Washington can take the lead on reforming teacher and principal evaluation

By Mary Alice Heuschel

The evidence is clear and the data compelling: The single most important school-based factor to increase student achievement is an effective teacher. The second most important school-based factor is school leadership.

In classrooms throughout the nation, great teachers help students make enormous gains in their education, while we know ineffective teachers can often do lasting damage.

Across Washington state, districts not only lack the ability to adequately identify, evaluate and compensate their most effective teachers and leaders, we are unable to support a system where they are teaching the students who need them the most.

This legislative session, we have a chance to change things: The $4.35 billion federal Race to the Top grant provides states with an opportunity to drive and fund bold innovations.

Washington is starting behind many states in the Race to the Top. However, reforms to increase the effectiveness of teachers and principals are worth the most in the grant competition and, if passed by the Legislature this session, could bring us to the forefront. More importantly, they will help us accelerate student achievement.

In order to meet this challenge, our state’s Race to the Top legislation must include the following critical elements:

Ÿ The Office of the Superintendent of Public Instruction must work collaboratively with the Washington Education Association and the Association of Washington School Principals to develop a common, required system for effective teacher and principal evaluation, including measures of student growth. Washington must agree on a common definition of an effective teacher, an effective principal and how to measure student growth statewide.

Ÿ A significant portion of the teacher and principal evaluation system must include multiple measures of student academic growth. If we are serious about closing the achievement gap, we need to make sure teachers and principals are first, supported to address the diverse learning needs in our schools and classrooms, and then, evaluated and held accountable for the academic growth of every student.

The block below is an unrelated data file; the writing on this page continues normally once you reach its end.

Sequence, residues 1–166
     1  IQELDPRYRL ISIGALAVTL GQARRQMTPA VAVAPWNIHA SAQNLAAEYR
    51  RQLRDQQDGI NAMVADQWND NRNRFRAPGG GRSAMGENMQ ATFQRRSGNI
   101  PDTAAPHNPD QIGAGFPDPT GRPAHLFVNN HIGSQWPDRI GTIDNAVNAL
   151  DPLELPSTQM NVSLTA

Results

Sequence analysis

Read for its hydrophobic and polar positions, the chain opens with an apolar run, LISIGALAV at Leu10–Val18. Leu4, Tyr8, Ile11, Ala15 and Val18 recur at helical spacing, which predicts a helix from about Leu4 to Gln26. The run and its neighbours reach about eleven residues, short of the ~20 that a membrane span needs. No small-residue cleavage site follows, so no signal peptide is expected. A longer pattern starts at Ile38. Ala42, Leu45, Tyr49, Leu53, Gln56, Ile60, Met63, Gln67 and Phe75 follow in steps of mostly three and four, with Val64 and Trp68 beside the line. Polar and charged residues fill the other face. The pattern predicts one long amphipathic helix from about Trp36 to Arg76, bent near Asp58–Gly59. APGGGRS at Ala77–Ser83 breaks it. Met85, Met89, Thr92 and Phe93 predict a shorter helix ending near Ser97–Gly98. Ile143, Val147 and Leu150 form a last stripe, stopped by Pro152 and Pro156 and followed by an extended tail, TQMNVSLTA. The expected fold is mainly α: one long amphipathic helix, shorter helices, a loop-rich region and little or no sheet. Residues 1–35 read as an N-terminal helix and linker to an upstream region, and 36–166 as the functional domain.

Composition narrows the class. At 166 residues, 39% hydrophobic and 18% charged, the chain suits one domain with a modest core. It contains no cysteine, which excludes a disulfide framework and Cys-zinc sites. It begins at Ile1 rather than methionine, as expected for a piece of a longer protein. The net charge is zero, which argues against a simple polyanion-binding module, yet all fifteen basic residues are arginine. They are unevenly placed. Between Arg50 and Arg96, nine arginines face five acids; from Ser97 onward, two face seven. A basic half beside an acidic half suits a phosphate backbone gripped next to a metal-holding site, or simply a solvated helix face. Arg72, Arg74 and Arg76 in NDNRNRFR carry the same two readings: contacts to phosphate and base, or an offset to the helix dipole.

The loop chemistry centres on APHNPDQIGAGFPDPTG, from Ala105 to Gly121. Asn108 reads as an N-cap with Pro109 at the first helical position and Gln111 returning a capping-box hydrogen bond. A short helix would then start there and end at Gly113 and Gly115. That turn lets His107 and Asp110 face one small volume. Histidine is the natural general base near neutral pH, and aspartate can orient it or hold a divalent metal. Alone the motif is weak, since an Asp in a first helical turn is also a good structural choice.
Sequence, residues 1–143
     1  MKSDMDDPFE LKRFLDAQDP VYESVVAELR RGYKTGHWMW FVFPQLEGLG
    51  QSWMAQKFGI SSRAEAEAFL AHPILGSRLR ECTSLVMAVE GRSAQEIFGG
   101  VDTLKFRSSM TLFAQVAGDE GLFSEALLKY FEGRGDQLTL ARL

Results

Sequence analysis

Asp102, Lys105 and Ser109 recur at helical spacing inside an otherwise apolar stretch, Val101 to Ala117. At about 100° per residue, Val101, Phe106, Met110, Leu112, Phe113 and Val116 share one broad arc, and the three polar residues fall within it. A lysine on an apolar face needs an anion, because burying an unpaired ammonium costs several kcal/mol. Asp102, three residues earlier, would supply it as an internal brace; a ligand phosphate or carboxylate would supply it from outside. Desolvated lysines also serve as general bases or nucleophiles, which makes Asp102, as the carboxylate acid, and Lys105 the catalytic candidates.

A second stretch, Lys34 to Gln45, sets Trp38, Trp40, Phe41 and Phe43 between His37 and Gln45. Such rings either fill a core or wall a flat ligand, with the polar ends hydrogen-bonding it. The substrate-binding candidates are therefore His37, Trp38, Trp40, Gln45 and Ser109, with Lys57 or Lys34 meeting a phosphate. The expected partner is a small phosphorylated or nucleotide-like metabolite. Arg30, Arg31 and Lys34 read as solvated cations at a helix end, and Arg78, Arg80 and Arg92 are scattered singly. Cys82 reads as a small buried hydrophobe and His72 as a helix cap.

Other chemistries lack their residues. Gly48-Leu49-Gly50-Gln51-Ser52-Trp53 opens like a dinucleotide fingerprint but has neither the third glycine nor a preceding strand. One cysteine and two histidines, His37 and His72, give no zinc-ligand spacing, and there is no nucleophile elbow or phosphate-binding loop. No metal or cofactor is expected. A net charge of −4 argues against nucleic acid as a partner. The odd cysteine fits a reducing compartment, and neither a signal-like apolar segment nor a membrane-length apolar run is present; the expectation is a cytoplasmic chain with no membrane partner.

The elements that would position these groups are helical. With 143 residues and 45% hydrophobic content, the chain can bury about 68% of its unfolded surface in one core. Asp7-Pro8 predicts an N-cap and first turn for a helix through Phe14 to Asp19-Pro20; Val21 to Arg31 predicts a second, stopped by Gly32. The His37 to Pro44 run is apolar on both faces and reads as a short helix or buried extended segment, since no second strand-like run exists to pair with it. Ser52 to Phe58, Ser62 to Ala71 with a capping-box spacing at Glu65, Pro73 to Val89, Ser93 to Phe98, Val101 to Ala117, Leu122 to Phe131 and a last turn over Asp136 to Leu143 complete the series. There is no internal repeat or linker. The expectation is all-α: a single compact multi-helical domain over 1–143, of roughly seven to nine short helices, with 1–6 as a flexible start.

Ÿ Once the new evaluation system is implemented, teachers and principals who receive unsatisfactory evaluations must be given professional development and support to improve. If these interventions do not impact a teacher’s or principal’s effectiveness for two consecutive years, the teacher should be placed back on provisional status and, after a third year of support that still results in unsatisfactory performance, the teacher or principal should lose their contract. Every student deserves an excellent teacher, and every school, an excellent principal. We need to make sure we are giving all teachers and principals the opportunity to grow and providing those who do not an expedient way out of our schools.

Throughout the process of implementing these reforms, as a state, we must name effective practice, come to agreement on the vision of effective instruction and provide quality professional development to reach our common goal of raising student achievement in schools and districts.

For the past year, Renton, along with the Nooksack Valley and Spokane school districts, has participated in a study with The New Teacher Project on boosting the supply and effectiveness of Washington’s science, technology, engineering and math teachers. This study found that Washington is one of fewer than 10 states where the racial achievement gap in math is actually growing, and the gap in math achievement between Washington’s low-income and higher-income students is the 12th largest in the nation. These gaps can be closed by supporting improvements in teacher and leader performance.

Survey results from The New Teacher Project’s report suggest that Washington teachers support overhauling the teacher evaluation system to include many of these recommendations. More than two-thirds of teachers, and an even greater percentage of administrators, believe student growth should be an important part of teacher evaluations. Moreover, 69 percent of Washington voters, in a recent poll conducted by the Partnership for Learning, agree that student growth measures should be a factor in teacher hiring, salary and tenure decisions.

If the state passes strong Race to the Top legislation, is successful in getting federal funds, and works together on a statewide system, we will be able to transform our current evaluation systems and create one that provides teachers and principals with support for effective professional development and meaningful feedback focused on increasing student achievement.

As a state, Washington must support educators who help our children learn, grow and succeed. It is the key to our future.

Mary Alice Heuschel is superintendent of the Renton School District.